Envisionary Universe

April 2, 2012

Most animals share a set of derived traits not found in other groups of organisms. These traits make animals unique out of every other organism on the planet.  One such trait is specialization.  In specialization, cells start out as un undetermined or undifferentiated lump and “grow up” into different types of cells, like skin cells, bone cells, blood cells and nerve cells.   However, some animals like sponges lack specialized cells.  Advanced multicellular animals have specialized tissues that perform unique functions.   Jellyfish, for example (though they are not in the strictest sense “fish”) have specialized stinging cells called cnidocytes that release a deadly poison when other organisms get too close.   The process of specialization requires a highly-specific set of genes to regulate an animal’s growth and development.  Scientists on Earth have discovered that all animals on Earth share this same set of genes, from organisms as simple as tapeworms to incredibly large and complicated organisms like the blue whale.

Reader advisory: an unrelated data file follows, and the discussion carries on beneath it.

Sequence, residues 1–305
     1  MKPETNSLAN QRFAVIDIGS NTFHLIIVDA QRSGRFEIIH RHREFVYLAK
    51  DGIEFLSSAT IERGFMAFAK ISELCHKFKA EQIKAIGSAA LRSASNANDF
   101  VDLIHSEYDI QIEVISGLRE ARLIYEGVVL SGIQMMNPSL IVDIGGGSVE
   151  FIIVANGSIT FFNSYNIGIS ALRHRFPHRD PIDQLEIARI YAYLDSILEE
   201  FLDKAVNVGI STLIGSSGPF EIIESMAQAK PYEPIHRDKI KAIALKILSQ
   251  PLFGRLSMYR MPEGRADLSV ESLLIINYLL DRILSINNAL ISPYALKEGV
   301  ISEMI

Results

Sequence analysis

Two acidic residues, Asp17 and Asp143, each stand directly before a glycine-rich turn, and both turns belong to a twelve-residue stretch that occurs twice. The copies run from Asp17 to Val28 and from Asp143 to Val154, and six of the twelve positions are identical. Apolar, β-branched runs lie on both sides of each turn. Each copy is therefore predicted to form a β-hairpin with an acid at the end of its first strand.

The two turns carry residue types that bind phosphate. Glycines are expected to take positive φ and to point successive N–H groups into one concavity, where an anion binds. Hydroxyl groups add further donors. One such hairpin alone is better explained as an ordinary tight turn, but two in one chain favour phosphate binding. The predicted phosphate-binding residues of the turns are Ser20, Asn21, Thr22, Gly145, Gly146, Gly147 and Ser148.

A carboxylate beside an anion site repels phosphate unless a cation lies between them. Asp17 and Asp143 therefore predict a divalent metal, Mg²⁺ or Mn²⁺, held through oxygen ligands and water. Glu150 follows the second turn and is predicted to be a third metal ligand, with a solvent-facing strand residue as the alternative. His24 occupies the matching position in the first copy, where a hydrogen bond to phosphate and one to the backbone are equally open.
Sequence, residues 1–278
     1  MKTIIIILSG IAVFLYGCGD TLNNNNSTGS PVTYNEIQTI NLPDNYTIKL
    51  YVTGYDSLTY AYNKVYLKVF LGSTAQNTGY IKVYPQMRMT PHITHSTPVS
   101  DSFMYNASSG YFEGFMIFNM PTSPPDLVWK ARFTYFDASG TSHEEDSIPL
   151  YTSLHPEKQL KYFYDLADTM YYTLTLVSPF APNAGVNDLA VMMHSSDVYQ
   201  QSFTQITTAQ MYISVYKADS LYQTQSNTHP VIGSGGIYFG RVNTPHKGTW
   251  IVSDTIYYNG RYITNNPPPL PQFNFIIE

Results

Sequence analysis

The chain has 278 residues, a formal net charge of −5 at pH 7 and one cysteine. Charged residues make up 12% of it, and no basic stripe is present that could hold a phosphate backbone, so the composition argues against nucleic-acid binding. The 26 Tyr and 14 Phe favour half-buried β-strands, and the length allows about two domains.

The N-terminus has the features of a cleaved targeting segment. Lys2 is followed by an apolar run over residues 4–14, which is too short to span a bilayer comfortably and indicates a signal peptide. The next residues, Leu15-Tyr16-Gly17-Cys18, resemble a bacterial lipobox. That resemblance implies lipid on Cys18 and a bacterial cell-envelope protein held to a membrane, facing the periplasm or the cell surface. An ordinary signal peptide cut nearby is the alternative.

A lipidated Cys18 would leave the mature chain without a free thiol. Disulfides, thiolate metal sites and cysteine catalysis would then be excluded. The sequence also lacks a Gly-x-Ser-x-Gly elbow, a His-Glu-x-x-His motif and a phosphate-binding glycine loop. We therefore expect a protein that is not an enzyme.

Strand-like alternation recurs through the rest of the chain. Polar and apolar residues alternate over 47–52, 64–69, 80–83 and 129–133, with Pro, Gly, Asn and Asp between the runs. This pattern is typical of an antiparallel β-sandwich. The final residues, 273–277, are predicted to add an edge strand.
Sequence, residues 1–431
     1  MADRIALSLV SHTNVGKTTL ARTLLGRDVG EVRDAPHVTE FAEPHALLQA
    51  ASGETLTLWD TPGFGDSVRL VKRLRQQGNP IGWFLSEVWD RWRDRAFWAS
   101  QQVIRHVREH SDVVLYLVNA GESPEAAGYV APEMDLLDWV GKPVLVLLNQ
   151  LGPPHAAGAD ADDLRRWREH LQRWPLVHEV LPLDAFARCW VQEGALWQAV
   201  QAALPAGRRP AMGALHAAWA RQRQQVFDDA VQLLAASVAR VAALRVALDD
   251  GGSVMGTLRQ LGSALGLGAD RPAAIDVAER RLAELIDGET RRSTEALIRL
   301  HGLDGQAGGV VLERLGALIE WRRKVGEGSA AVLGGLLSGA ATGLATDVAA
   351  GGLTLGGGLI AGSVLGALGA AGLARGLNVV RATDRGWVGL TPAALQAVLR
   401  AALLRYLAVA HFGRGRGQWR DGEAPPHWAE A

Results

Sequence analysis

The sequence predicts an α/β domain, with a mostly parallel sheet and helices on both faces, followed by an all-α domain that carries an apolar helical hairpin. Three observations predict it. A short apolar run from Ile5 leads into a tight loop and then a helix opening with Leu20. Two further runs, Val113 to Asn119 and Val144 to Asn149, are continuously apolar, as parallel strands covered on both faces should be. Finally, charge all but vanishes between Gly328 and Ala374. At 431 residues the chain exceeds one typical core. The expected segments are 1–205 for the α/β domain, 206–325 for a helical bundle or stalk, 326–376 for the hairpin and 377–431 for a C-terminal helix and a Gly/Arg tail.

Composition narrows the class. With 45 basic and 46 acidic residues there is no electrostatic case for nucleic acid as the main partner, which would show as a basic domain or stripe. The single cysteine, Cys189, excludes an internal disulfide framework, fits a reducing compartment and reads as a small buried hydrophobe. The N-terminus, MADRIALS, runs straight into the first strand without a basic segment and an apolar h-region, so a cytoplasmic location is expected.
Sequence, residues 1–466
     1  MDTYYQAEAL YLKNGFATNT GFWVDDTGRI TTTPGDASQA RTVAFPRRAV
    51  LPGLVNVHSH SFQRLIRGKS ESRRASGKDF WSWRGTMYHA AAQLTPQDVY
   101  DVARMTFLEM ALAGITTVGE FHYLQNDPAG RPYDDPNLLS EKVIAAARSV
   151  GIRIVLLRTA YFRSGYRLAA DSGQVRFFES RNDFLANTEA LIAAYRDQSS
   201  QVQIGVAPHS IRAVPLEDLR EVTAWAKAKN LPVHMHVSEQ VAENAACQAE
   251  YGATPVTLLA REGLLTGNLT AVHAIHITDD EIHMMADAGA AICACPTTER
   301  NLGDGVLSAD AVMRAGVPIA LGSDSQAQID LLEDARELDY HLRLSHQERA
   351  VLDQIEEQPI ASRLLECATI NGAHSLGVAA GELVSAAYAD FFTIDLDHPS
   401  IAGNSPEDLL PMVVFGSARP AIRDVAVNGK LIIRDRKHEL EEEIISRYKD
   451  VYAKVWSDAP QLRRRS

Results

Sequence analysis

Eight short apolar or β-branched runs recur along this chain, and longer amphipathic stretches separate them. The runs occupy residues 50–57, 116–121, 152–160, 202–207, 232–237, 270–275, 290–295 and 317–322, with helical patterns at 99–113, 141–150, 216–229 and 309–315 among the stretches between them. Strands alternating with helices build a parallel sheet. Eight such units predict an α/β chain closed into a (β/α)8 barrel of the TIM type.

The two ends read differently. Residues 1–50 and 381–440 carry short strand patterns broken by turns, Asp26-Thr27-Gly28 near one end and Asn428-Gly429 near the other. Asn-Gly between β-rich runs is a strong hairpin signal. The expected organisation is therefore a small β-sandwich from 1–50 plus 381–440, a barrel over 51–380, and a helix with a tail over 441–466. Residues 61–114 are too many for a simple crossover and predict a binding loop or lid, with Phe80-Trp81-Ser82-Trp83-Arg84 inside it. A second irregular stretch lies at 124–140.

This development of animals is controlled by the so-called Hox genes.  These Hox genes are responsible for assigning a location and identity to our cells in order to build body parts.  Hox genes contain within them a DNA sequence known as the homeobox. The homeobox is a DNA sequence found in Hox genes and other genes that code for transcription factors, which is are proteins that bind to specific DNA sequences in order to activate the transcription of DNA into mRNA.  The sequence of amino acids encoded by the homeobox is called the homeodomain.  Our so-called Hox genes are a shared set of programs that determine how all complex animals develop. These genes are so important to the development of all complex animals that just about any mutation in this set of instructions is all but assured to result in the death of the organism.  This means that there are only a few highly specific ways that these genes could be rearranged without killing the organisms during development.  One example of researchers messing with Hox genes resulted with antennapedia, a fruit fly with legs on its head where its antennas ought to be.  It provides evidence that evolution is a ongoing process and that natural selection can explain the evolution of all life on Earth.  If there is a mutation in the hox genes, it would likely cause a deleterious effect (like building a human with feet where their ears ought to be), and that is the reason why organisms seem to be intelligently designed when in reality they are not.  Anything less-than-perfect design that comes by natural selection would get weeded out quickly, leaving only the most exquisitely-designed forms still around. Because of this, virtually every animal on Earth shares the same gene sequence responsible for development. Such genes are astoundingly preserved, maintaining the exact same sequence universally across all deuterostomes over half a billion years of evolution.